That covers the lottery, but what about the rest of the first round? In total, six more first-round picks have already moved, and a seventh technically could:

  • The Pelicans can choose to take the No. 17 pick from the Lakers, or they can wait a year and take their unprotected 2025 pick. The latter is the expectation at this moment, but New Orleans has until June 1 to make a final decision.
  • The Pacers sent the Raptors the No. 19 overall pick as part of the Pascal Siakam trade.
  • The Pelicans got the right to swap 2024 first-round picks with the Bucks are part of the Jrue Holiday trade. Coincidentally, the two of them wound up with identical 49-33 records (as did the Phoenix Suns). The Bucks won the tiebreaker drawing to fall at No. 21, with the Suns coming in at No. 22 and the Pelicans finishing at No. 23. However, the Pelicans exercised their swap rights, so New Orleans will pick at No. 21 and Milwaukee will pick at No. 23.
  • The Mavericks sent the Knicks the No. 24 pick as part of the Kristaps Porzingis trade.
  • The Clippers initially sent the Thunder the No. 26 pick as part of the Paul George trade, but the Thunder proceeded to trade that pick to Washington at the deadline. That deal sent Daniel Gafford to the Mavericks and a future pick swap from Dallas to Oklahoma City.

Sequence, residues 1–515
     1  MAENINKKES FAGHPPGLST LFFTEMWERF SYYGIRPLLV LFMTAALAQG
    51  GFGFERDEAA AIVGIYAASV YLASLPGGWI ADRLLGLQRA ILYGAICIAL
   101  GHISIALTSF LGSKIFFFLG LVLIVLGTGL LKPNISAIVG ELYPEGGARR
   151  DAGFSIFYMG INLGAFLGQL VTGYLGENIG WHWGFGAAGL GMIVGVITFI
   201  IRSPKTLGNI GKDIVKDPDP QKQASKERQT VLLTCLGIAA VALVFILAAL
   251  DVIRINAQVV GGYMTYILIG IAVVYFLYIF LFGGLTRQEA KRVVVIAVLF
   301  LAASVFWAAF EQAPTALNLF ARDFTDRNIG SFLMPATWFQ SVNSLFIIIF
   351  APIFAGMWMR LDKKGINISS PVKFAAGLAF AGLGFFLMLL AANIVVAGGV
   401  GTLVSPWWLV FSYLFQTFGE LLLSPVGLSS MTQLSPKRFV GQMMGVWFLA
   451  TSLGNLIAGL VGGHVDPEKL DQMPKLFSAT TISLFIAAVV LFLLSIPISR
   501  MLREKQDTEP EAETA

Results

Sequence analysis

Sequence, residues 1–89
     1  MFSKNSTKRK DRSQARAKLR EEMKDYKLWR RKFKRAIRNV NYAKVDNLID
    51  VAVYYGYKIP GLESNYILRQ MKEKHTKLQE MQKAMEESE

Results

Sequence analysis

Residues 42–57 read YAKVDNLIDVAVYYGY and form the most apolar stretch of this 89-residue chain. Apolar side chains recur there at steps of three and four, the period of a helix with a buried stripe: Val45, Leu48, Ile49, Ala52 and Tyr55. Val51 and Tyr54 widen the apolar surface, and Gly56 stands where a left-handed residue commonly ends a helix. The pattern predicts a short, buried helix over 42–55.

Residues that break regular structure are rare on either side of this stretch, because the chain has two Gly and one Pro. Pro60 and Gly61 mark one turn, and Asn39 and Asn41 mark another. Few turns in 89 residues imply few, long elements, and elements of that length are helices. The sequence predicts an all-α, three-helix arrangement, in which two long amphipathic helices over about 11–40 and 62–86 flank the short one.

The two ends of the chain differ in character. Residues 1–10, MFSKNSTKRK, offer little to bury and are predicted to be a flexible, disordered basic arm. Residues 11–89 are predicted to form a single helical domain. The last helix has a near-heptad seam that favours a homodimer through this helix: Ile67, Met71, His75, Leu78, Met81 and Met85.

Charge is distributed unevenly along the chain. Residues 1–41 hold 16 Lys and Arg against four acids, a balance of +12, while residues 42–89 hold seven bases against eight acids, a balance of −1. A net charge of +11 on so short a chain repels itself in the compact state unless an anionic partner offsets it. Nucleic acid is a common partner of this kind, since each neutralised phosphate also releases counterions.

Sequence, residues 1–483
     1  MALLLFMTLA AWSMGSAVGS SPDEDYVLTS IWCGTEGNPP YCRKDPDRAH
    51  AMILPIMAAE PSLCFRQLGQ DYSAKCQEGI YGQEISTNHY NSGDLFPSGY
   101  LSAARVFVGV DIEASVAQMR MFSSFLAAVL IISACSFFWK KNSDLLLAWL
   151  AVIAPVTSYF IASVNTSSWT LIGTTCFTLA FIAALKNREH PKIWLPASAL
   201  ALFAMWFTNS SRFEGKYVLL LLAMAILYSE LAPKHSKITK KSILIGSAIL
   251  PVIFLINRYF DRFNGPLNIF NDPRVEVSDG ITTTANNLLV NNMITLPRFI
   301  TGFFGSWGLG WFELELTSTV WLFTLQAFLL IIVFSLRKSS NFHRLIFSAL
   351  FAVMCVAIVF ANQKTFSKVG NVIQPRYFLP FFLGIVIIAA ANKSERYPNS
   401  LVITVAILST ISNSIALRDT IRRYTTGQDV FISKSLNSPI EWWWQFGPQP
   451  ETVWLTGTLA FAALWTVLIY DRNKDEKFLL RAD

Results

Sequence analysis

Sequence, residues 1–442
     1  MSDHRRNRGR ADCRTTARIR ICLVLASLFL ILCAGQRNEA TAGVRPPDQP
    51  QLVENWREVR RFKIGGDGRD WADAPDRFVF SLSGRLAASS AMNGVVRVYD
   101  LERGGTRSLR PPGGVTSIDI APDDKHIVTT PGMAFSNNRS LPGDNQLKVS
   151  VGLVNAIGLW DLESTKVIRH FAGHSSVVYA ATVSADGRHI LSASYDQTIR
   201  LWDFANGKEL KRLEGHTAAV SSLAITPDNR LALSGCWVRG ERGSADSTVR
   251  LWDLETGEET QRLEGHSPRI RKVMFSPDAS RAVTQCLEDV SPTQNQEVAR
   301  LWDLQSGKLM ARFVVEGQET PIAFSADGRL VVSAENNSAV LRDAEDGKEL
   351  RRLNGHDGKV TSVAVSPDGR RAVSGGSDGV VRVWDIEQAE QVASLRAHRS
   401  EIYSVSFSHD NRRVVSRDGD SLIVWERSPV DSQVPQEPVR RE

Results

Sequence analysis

• Oklahoma City sent the No. 29 pick to Indiana as part of a draft night trade last June, but the Pacers went on to send that pick the Raptors in the Siakam deal, and then the Raptors sent it the Jazz in the Kelly Olynyk trade at the deadline.

In total, that means we could see as few as seven or as many as 12 first-round picks belong to teams besides their original owners before the draft even begins. When you factor in the inevitability of draft-night trades, we're probably going to wind up seeing less than half of the first round belong to the teams that originally owned those picks. That's just the new NBA we're living in. Who knows, someday we might even see a draft in which all 30 first-round picks have changed hands.